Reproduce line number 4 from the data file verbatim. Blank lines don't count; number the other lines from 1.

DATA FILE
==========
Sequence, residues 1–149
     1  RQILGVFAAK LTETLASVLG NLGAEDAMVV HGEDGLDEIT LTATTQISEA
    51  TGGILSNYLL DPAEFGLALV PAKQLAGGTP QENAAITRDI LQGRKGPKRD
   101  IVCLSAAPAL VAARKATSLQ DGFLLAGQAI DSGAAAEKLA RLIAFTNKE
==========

   101  IVCLSAAPAL VAARKATSLQ DGFLLAGQAI DSGAAAEKLA RLIAFTNKE